"The overall aim of the project is to study the influence of injection conditions of various plastic materials with different properties on the migration of organic and inorganic substances that are part of children's products by contact with foods. A secondary aim is the identification and, if applicable, specific quantification of the substances that migrated from these materials after their injection in different conditions, developing the necessary test methods. In 2012, overall migration tests were performed with an acidic marker and isooctane in the most restrictive conditions of the regulations, as well as the evaluation of the use in real conditions through washing cycles, thermal shock and accelerated ageing to direct solar radiation. The most important results were:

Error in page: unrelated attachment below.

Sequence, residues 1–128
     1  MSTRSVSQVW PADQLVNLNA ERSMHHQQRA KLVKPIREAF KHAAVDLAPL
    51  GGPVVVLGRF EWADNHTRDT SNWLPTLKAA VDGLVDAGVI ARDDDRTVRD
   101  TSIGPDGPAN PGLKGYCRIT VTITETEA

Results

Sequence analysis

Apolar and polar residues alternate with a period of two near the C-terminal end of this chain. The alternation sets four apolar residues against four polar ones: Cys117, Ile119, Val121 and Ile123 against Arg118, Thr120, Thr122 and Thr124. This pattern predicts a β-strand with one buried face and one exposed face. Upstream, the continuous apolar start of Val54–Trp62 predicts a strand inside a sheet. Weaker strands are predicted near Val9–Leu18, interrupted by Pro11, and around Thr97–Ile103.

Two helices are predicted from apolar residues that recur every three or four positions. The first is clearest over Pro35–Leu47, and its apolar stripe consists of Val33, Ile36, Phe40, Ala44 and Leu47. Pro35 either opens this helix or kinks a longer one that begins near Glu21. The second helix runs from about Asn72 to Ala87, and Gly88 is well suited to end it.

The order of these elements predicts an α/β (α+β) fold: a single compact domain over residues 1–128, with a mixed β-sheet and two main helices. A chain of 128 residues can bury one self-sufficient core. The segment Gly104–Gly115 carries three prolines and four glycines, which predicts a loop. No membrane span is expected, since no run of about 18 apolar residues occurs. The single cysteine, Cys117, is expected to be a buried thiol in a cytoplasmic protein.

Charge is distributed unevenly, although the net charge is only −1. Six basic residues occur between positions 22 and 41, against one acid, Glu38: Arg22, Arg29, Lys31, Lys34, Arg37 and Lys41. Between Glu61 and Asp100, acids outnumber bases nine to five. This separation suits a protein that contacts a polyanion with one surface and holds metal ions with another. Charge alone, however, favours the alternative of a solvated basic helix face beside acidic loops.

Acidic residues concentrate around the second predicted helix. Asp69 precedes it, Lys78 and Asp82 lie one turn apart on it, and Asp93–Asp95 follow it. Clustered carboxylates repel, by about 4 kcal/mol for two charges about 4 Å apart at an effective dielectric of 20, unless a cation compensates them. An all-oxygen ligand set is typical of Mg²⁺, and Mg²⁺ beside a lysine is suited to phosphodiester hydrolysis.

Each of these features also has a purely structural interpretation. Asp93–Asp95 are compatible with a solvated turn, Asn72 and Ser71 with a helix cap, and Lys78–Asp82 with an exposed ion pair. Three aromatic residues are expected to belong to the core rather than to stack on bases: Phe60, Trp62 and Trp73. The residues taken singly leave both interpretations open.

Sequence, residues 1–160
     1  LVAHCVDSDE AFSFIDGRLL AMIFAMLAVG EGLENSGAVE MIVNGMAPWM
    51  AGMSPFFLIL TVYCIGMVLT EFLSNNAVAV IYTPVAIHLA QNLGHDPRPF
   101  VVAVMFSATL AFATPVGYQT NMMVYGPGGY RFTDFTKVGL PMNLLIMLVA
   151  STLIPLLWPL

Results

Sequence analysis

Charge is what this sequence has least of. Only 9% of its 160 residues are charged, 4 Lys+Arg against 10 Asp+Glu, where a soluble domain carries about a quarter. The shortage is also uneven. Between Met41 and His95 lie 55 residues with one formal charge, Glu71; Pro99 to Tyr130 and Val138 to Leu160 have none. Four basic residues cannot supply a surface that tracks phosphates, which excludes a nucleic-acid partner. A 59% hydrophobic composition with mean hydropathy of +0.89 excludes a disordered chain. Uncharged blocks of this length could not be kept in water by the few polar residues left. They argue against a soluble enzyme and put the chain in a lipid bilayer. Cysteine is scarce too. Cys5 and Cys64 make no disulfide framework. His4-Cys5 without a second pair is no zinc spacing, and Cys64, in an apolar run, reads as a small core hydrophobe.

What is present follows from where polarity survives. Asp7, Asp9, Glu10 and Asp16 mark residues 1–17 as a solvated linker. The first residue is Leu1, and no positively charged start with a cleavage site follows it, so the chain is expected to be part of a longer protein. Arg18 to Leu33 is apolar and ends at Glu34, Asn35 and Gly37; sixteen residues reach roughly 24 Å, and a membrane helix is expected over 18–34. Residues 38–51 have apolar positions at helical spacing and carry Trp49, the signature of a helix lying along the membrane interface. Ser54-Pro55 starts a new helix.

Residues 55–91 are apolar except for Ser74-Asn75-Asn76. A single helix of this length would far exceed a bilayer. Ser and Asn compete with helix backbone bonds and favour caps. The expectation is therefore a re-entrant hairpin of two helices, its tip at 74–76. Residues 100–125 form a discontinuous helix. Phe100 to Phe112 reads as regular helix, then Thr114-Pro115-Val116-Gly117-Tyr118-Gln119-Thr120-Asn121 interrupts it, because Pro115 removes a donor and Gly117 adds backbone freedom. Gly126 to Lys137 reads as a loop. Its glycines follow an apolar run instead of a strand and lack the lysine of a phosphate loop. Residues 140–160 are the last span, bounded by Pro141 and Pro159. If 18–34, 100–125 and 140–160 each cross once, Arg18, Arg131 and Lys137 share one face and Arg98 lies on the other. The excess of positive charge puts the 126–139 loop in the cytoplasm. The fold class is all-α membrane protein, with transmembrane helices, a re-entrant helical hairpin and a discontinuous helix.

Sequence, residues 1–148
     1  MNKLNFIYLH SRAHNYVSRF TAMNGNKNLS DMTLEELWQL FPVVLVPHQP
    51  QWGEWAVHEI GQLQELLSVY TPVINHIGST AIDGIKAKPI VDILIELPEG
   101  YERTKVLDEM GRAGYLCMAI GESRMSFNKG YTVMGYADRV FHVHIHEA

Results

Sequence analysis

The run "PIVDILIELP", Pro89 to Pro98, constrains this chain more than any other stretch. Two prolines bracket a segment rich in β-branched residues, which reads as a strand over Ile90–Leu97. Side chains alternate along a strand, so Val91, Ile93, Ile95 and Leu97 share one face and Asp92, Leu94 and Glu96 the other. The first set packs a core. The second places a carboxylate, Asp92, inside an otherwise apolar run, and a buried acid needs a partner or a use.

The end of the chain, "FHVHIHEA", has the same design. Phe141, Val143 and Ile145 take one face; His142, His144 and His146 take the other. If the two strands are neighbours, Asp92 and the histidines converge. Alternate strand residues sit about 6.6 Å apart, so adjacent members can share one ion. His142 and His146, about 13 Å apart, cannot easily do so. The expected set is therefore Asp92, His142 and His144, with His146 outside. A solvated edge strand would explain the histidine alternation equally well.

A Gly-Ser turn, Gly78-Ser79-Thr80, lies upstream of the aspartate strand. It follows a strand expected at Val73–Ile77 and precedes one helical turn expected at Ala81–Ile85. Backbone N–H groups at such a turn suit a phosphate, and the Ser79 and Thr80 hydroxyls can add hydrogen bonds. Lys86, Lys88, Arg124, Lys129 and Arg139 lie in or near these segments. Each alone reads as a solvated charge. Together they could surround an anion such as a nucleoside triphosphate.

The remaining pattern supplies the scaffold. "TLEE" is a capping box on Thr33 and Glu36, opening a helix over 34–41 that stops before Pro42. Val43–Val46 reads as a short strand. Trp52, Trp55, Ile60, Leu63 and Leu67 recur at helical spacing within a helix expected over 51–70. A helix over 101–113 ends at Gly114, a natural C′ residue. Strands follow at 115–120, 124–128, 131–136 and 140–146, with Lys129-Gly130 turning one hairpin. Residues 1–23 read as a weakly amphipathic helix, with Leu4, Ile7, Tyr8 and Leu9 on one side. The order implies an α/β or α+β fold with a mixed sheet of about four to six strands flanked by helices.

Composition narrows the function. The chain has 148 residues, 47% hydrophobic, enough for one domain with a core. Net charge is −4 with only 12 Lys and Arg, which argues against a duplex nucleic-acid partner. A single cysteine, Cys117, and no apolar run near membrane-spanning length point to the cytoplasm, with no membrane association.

* In the most unfavourable conditions for each marker, isooctane was more aggressive than the aqueous marker and the acidic marker.
* High density polyethylene (HDPE) generally provides greater resistance to the passage of the components (monomers, oligomers, additives, etc.) from the final product structure to the medium in contact with the polymer than does polypropylene (PP) or polystyrene (PS).
* The use of injection moulded plastic products (environmental conditions of temperature and solar radiation as well as contact with detergents) hardly influences the subsequent behaviour of these products to the migration of compounds.
* The substances that most easily migrate are the lubricant additives and processing aids such as fatty acid amides and esters (oleamides, stearamides, palmitates, stearates, etc.)."
Start date: 15/02/2011
Funding: IMPIVA cofinanced by ERDF funds
Contact: Suny Martíne